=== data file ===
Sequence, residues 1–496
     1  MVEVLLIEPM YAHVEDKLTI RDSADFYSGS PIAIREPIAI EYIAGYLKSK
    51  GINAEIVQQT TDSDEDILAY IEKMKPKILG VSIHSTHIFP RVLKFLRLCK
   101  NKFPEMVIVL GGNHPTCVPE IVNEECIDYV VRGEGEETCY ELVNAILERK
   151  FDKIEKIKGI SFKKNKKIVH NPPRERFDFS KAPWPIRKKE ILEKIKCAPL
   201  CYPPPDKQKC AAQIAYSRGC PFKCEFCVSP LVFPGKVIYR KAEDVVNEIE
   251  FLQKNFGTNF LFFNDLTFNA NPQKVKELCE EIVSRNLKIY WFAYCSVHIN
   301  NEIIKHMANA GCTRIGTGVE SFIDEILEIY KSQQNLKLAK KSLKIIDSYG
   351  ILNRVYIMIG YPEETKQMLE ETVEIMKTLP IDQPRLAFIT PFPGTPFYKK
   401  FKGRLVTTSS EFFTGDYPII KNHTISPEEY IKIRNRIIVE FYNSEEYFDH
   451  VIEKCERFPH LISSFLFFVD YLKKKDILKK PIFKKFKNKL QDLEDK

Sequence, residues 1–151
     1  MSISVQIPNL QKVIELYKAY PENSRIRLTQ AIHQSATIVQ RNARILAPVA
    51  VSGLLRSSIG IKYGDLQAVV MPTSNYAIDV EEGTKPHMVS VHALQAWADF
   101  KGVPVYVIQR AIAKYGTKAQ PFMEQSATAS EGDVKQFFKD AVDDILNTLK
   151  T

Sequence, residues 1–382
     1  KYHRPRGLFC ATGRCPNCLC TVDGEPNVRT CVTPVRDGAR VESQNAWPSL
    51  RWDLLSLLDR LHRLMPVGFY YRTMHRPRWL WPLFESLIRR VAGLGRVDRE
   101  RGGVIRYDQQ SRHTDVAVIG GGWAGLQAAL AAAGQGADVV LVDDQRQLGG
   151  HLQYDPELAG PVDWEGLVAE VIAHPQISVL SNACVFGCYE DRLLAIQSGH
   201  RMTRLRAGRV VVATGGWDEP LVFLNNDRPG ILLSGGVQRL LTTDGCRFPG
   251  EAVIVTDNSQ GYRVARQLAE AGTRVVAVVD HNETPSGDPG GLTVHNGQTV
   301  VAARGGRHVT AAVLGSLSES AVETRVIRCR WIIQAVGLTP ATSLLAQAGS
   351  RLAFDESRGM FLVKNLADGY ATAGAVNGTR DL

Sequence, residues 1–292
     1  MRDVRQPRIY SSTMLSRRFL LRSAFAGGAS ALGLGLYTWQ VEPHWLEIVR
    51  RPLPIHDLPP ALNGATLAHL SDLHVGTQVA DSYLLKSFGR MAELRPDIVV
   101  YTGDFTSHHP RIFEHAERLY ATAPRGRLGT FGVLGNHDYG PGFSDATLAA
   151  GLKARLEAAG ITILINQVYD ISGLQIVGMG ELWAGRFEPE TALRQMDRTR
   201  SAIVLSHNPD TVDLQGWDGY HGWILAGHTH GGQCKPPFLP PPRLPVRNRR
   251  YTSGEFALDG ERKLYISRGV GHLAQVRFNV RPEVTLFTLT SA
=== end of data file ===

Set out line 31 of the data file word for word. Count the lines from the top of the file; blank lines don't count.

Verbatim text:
   201  SAIVLSHNPD TVDLQGWDGY HGWILAGHTH GGQCKPPFLP PPRLPVRNRR